Contributed by Library of Congress
A Map of the British and French Dominions in North America with the Roads, Distances, Limits, and Extent of the Settlements
This landmark map of North America published in 1755 shows British sovereignty over large parts of the continent at the outset of the French and Indian War (1754–63). It is perhaps the most well-known 18th-century map of North America. Created by John Mitchell, a native Virginian who moved to London in his mid-thirties, the map was compiled using information provided by governors of the British colonies. Although territories of other European powers are shown, the map is biased toward British interests. French claims in the Mississippi and Ohio valleys ...
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The Province of New Jersey, Divided into East and West, Commonly Called the Jerseys
William Faden, a noted English publisher who specialized in maps and prints, published The Province of New Jersey, Divided into East and West, Commonly Called the Jerseys in 1777. The map is often considered a revolutionary map, both for its detailed depiction of topography in the northern part of the state and its indication of the boundary lines made in 1743 demarcating “West Jersey” and “East Jersey.” The hand-colored map features an extraordinary number of city and town names throughout the colony. County boundaries, rivers, and roads are indicated, and ...
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The United States According to the Definitive Treaty of Peace Signed at Paris, September 3, 1783
On August 9, 1783, Philadelphia mapmaker William McMurray placed an advertisement in the Pennsylvania Packet, a Philadelphia newspaper, for a map entitled The United States According to the Definitive Treaty of Peace. McMurray solicited money for the publication of his map by issuing subscriptions. Once a sufficient number of subscriptions were sold, McMurray planned to have his map engraved and printed. The subscriptions were for three-and-a-half dollars: one-and-a-half dollars paid up front, with the remaining two dollars due upon delivery of the map. Unfortunately, orders came slowly and the map ...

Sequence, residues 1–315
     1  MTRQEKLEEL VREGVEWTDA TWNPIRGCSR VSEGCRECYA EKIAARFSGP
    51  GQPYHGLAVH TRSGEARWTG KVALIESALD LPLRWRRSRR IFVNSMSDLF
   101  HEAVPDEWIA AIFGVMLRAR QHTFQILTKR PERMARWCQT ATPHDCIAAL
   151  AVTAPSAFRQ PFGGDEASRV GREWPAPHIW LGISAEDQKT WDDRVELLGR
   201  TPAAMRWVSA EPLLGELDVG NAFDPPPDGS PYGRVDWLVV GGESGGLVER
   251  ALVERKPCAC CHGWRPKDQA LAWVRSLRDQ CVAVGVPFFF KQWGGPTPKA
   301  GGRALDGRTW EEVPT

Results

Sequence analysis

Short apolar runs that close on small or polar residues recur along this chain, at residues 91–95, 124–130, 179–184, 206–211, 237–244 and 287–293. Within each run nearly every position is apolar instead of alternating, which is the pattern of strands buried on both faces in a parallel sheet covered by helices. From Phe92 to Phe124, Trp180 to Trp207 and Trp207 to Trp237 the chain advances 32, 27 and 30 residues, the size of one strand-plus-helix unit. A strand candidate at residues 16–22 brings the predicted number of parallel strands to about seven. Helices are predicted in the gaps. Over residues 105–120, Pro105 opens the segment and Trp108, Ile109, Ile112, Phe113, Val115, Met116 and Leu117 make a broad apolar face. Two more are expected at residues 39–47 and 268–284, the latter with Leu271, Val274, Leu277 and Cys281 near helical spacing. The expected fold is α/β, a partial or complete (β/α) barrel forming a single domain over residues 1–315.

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Report of the Commission Entrusted by the Council with the Study of the Frontier between Syria and Iraq
After World War I, the victorious Allied and Associated Powers agreed to place various territories that had been detached from the defeated German and Ottoman empires under League of Nations mandates. Palestine, Iraq, and Transjordan were assigned to Britain, Syria and Lebanon to France. The Franco-British Convention of December 23, 1920 established the border between Syria and Iraq in general terms, but called for a definitive demarcation of the frontier to be carried out by an Anglo-French Boundary Commission. Under these agreements, a Commission Entrusted with the Study of the ...
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Boundary Between Turkey and Armenia: As Determined by Woodrow Wilson, President of the United States of America
The disintegration of the Ottoman and Russian empires at the end of World War I gave birth to a number of new states. In May 1918, Eastern Armenia, formerly part of the Russian Empire, declared itself an independent republic. In April 1920, the victorious Allied Powers, dismantling the Ottoman Empire, directed that Western Armenia be attached to the new republic and appointed U.S. President Woodrow Wilson to arbitrate the boundary between Turkey (successor to the Ottoman Empire) and Armenia. In November 1920, Wilson set a boundary based on a ...
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Boundary between Moscow and Smolensk Provinces. Borodino Battlefield
At the beginning of the 20th century, the Russian photographer Sergei Mikhailovich Prokudin-Gorskii (1863–1944) used a special color photography process to create a visual record of the Russian Empire. Some of Prokudin-Gorskii’s photographs date from about 1905, but the bulk of his work is from between 1909 and 1915, when, with the support of Tsar Nicholas II and the Ministry of Transportation, he undertook extended trips through many different parts of the empire.
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A Plan of the West Line or Parallel of Latitude
This map shows the original Mason-Dixon Line, traditionally thought of as the divide between North and South in the United States and, before the Civil War, between the slaveholding and non-slaveholding states. In the 1700s, a boundary dispute arose between the British colonies of Maryland and Pennsylvania. They agreed to resolve the dispute by having two English astronomers, Charles Mason (1728–86) and Jeremiah Dixon (1733–79), survey the border. Mason and Dixon completed their survey in 1767 and set up milestones to mark the line. This map was made ...